Is Dolly Parton a secret philanthropist? The country superstar’s fans seem to think so after it was revealed she was involved in a number of charities without making it known to the public.
Some of her recent charitable actions include paying for the band uniforms of several Tennessee high schools over the years; purchasing a strip mall in Nashville using the royalties she earned from Whitney Houston’s version of “I Will Always Love You” to support the surrounding Black neighborhood in the late singer’s honor; and donating $1 million to research dedicated to creating the Moderna vaccine.
During an interview with The Associated Press, prior to receiving the Carnegie Medal of Philanthropy on Thursday night, Parton said she doesn’t do any of it for recognition.
“I don’t do it for attention,” she said. “But look! I’m getting a lot of attention by doing it.”
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While she isn’t in it for the attention, Parton believes she received too much of it. She provides college scholarships through her Dollywood Foundation, helps people who have been affected by natural disasters and works to eradicate childhood illiteracy.
Although she does all of this, Parton thinks she is getting “paid more attention than maybe some others” that are doing more than she is, and she hopes that through seeing her good deeds, others will be inspired to also help others.
In her acceptance speech for the Carnegie Medal of Philanthropy, Parton admitted she doesn’t have a strategy for her donations, choosing to donate when she sees a need she feels she can fix.
“I just give from my heart,” she said. “I never know what I’m going to do or why I’m gonna do it. I just see a need and if I can fill it, then I will.”
Something Parton is especially invested in is inspiring a love of reading in children through her Imagination Library initiative. Upon request, the initiative sends a free book every month to children under 5 years old, averaging around 2 million books a month.
Parton started the initiative for a very personal reason — seeing how illiteracy negatively impacted someone she loved.
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“This actually started because my father could not read and write, and I saw how crippling that could be,” she said. “My dad was a very smart man. And I often wondered what he could have done had he been able to read and write. So that is the inspiration.”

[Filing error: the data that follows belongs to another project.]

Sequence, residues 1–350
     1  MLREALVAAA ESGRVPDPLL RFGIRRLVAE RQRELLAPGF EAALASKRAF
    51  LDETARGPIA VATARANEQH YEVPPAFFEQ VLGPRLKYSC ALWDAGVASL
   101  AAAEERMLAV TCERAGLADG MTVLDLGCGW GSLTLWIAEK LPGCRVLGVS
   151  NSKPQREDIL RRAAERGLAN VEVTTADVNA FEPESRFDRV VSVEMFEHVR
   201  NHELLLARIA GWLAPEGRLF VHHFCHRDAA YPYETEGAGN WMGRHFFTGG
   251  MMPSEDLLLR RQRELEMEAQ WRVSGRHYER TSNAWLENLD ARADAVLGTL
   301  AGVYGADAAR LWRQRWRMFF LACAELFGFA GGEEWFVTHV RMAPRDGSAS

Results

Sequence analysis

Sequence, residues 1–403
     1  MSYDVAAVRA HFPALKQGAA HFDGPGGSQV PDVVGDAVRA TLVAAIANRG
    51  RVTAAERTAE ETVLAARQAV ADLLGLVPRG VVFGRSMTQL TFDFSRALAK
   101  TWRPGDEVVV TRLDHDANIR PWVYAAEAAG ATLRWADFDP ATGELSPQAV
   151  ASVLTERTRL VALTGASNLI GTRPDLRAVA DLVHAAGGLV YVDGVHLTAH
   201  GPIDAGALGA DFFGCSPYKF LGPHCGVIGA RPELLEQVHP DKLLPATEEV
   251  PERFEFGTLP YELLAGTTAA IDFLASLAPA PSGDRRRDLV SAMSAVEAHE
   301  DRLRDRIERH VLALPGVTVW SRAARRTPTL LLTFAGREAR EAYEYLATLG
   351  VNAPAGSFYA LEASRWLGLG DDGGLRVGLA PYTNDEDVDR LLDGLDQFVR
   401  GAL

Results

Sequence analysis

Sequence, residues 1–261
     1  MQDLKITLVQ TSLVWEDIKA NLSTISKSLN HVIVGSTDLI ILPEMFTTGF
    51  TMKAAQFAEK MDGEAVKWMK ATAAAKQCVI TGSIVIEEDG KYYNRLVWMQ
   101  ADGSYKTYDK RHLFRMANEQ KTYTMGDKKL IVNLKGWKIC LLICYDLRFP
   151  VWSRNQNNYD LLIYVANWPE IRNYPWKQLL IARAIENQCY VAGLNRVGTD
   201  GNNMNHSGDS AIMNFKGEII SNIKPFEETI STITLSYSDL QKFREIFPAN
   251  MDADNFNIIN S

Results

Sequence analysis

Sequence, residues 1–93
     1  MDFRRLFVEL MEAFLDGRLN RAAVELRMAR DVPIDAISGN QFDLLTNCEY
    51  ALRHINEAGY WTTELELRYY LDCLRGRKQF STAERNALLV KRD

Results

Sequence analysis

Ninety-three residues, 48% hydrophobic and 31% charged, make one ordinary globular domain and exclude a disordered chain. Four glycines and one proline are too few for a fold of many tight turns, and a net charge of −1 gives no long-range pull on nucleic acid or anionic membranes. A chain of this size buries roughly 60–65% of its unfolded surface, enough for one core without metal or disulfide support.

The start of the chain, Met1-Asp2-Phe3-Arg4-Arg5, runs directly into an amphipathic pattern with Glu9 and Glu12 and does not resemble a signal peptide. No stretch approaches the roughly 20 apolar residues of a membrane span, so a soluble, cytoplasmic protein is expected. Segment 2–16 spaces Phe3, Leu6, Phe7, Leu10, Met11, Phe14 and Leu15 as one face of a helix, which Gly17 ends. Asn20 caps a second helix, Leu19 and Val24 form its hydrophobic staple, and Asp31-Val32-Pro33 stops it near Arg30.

That program continues to expand. And last month, the state of California partnered with Imagination Library to make the program available to the millions of children under 5 in the state.
“That is a big deal,” she said. “That’s a lot of children. And we’re so honored and proud to have all the communities that make that happen because I get a lot of glory for the work a whole lot of people are doing.”
Parton explains the only reason she accepts the attention surrounding her philanthropy is because it helps bring more attention to the Imagination Library, professing she is “proud to be the voice out there doing what I can to get more books into the hands of more children.”
Eric Isaacs, president of the Carnegie Institution for Science and one of the members of the medal selection committee, praised Parton for being a “tremendous example” of someone who understands how important it is to give back to their community.
“Everyone knows her music,” he said. “They might know Dollywood for entertainment, more broadly. But now they’re going to know her for her philanthropy, which I’m not sure they have before.”
While Parton has made her philanthropic work a top priority, earlier this year she released a novel with James Patterson, “Run, Rose, Run,” and filmed a Christmas movie with Willie Nelson, Miley Cyrus and Jimmy Fallon for NBC titled “Dolly Parton’s Mountain Magic Christmas.”
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She also will be inducted into the Rock and Roll Hall of Fame on Nov. 5, alongside Eminem, Lionel Richie and Pat Benatar, among others. Parton initially declined the offer, but has since changed her tune, saying she is “ready to rock” and that she has already written a new song for that ceremony in Los Angeles.
Parton does so much already, but is ready to do more. She has implemented the Care More initiative at her Dollywood Parks and Resorts, an effort which allows employees to take days off to engage in volunteer work at a nonprofit of their choice.
“I think it’s important for everyone to do their share to help their fellow man,” she said. “This world is so crazy. I don’t think we even know what we’re doing to each other and to this world.”
Parton says she hopes the day of service will let people realize that “when you help somebody, it helps them, but it can help you more.”
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“That’s what we should do as human beings,” she said. “I never quite understood why we have to let religion and politics and things like that stand in the way of just being good human beings. I think it’s important from that standpoint just to feel like you’re doing your part, doing something decent and good and right.”
The Associated Press contributed to this story.